A boot and shoe fraud exposed by the fear of terrorism

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While I was born and live in London I teach history at the University of Northampton, so I’m always on the lookout for stories which link the capital to the east Midlands. Not surprisingly – well at least not surprisingly to someone that knows Northampton’s history – this case from Westminster concerns the boot and show trade, for which Northampton was (and remains) mostly famous.

Three people appeared in the dock at Westminster Police court on the 15 May 1883, two women and a man. They were charged with ‘unlawfully conspiring with other persons to obtain goods … by false and fraudulent representations’.  The ‘goods’ in question was a quantity of leather and boots and the trio were apprehended as the result of a targeted police investigation into fraud.

Detective sergeant Arthur Standing was on watch outside the Life Guards barracks in Knightsbridge (which had recently been the subject of a bomb threat) watching a house opposite.  The house was rented in the name of Edmund O’Connor, a commercial traveller in the boot trade. His Irish surname may also have raised suspicions given the proximity of the barracks and the spectre of the ‘dynamitards’.

Between 8 and 9 at night DS Standing and another officer waited as two women approached the house, each carrying a large bundle. Standing stopped the women and searched their bags. These were found to contain leather, which was later traced to wholesalers in Northampton and Leicester. Both women – Mary O’Connor and her daughter Elizabeth were arrested and Edmund followed soon afterwards.

The magistrate, Mr St John Poynter, was told by the police that they were investigating a number of other thefts connected with this case and asked for the three prisoners to be remanded. Poynter complied with their request and committed them to trial at Old Bailey and sent them back into custody in the meantime.

When it came to trial a couple of weeks later it became clear that Mary was the mother of the two other defendants, not Edmund’s (or indeed Edward as the Old Bailey court recorded his name) wife. Edward was the principal here and the goods stolen were in fact a large number of boots. O’Connor had apparently been trying to establish a boot and shoe shop on Knightsbridge High Street   and had obtained the lease to rent the premises from a solicitors in Jermyn Street at £120 a year. However, when he didn’t pay the money as agreed the solicitor’s cashier went looking for him in Knightsbridge, finding only his mother who said he was travelling on business.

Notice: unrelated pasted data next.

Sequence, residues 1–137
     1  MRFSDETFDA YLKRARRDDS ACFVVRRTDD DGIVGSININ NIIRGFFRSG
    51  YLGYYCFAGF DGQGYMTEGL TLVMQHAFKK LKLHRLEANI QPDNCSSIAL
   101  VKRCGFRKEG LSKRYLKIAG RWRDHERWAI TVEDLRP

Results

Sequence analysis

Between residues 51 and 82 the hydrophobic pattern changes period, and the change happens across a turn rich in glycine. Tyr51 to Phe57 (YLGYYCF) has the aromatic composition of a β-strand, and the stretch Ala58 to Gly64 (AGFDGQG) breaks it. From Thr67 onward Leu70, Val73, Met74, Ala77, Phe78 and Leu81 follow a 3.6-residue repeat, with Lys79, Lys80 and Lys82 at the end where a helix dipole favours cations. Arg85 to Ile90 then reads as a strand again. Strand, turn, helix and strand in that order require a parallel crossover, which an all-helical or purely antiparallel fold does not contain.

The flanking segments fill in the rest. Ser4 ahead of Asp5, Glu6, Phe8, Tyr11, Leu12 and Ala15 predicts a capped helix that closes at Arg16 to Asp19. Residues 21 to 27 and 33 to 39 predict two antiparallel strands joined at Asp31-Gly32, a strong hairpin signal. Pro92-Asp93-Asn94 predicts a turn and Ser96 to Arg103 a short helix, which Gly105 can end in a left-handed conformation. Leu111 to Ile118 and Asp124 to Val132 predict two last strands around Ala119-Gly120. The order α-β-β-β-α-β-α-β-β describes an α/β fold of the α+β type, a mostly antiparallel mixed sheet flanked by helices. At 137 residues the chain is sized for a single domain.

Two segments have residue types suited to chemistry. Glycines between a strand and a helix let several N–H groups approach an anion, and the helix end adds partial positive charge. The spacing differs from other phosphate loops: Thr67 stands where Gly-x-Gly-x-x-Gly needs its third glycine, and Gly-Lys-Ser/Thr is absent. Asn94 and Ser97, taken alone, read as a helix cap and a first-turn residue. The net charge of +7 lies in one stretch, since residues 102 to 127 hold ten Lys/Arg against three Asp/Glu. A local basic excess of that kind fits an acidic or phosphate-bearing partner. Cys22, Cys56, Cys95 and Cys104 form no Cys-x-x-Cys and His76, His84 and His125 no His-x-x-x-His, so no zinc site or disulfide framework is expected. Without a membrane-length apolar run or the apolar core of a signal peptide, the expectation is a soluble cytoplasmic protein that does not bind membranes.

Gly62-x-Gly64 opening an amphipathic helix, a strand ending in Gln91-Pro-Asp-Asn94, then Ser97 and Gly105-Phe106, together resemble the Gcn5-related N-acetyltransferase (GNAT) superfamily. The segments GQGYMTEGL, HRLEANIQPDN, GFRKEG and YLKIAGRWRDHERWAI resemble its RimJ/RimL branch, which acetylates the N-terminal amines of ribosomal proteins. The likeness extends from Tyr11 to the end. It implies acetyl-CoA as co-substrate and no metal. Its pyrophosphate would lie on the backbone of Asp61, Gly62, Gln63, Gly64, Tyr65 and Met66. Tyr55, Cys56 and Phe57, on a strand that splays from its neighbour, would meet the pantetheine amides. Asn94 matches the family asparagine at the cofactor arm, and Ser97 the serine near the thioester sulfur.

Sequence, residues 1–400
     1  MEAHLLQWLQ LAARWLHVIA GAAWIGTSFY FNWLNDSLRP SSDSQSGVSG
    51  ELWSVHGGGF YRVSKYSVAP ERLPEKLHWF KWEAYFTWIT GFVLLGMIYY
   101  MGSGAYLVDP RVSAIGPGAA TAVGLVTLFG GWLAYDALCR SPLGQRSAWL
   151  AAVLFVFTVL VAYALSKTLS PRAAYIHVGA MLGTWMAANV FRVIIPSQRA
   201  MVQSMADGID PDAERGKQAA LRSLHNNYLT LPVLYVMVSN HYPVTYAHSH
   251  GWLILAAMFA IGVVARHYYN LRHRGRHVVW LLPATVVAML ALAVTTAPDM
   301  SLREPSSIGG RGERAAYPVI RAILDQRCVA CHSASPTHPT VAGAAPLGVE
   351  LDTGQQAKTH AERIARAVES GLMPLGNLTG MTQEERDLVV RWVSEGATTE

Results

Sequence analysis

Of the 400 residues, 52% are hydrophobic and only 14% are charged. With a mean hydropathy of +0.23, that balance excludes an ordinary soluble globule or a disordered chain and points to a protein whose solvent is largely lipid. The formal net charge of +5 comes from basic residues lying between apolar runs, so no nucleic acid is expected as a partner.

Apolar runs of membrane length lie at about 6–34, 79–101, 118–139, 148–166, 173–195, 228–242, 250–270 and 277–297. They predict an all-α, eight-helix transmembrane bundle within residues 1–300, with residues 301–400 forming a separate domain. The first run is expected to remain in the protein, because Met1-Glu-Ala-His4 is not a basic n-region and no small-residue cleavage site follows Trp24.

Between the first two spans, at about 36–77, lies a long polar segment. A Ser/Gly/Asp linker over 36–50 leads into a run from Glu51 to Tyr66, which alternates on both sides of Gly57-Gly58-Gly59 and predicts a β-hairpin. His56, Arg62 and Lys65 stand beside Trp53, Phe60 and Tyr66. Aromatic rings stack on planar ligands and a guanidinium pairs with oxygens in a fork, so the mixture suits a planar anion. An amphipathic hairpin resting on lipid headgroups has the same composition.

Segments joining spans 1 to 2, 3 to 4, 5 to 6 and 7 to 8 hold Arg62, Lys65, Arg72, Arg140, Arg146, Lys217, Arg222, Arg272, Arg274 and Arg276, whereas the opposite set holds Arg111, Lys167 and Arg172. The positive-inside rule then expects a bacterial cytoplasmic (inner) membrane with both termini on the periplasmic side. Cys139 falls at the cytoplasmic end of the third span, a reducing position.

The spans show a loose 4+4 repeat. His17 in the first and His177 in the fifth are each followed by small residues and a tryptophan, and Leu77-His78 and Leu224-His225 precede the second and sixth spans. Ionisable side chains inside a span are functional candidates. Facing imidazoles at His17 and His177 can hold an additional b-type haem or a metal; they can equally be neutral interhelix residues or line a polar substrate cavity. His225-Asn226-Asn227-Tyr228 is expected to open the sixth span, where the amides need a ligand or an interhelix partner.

Meanwhile O’Connor had been busy ordering samples under the name of ‘Andrews’ and placing an order with a manufacturer in Bethnal Green.  A succession of creditors and unhappy traders gave evidence and Matthew O’Brien of CID reported that he’d entered the premises (searching for the elusive explosives they’d been tipped off about) and found it empty, dirty and with ‘no sign of business’. This must have rung alarm bells and prompted him to alert DS Standing.

In the end it was a complex case in which it seems that O’Connor was possibly trying to set up a legitimate business in town based on his wider contacts but was short of ready cash. That’s the generous explanation of course. He may well have been conducting a sort of ‘long firm’ scam where he pretended to be a genuine businessman in order gain credit and goods before clearing out before he paid a penny for anything he’d obtained.

That was what the jury thought although the element of doubt possibly worked in his favour as he only received a twelve-month prison sentence. His mother and sister fared better; found guilty of conspiracy by recommended to mercy by the jurors they were sent down for two months’ each.

The name ‘O’Connor’ would have chimed with the secret services of the day; a James O’Connor had been a prominent member of Clan na Gael who had been arrested in 1881. Special Branch was formed later in 1883 to combat Fenian terror and anyone with an Irish name would have aroused suspicion that close to a military target. In October 1883 Clan na Gael planted a bomb on a District Line underground train heading for Gloucester Road station. Thankfully no one was hurt and little damage was done but more attacks on the network followed.

We forget that London was targeted by terrorism in the 1880s but this case, of a fairly mundane if ambitious fraud, reminds us that the capital’s police (like their colleagues today) had to fight and political violence at one and the same time, with limited resources.  Who knows, if O’Connor’s name really had been ‘Andrews’ he may not have aroused suspicion and his gamble might have paid off.

[from The Standard, Wednesday, May 16, 1883]

‘The people in this part of the world are not acquainted with the Manchester language’: a stowaway at the Royal Arsenal.

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PC Monaghan was on patrol at the Royal Arsenal in Woolwich in the early hours of the morning on Tuesday 21 April 1880. As the constable entered the canon cartridge factory site he thought he heard something and went to investigate. The area was restricted since, being ‘devoted to the manufacture and storage of explosives’ it was one ‘of the most dangerous areas of the Arsenal’. Even the workforce at the Arsenal was not permitted inside without a special order but somehow someone had got in.

The arsenal’s store was about two miles from any inhabited buildings but it was accessible from the river, and this is how a man had gained entry and was now hiding inside. PC Monaghan secured him and asked him his business there. The man told him his name was William Smith and that lived at an address in Kennington and was a blacksmith by trade. He ‘was quite sober’ but could not give a satisfactory explanation for being there.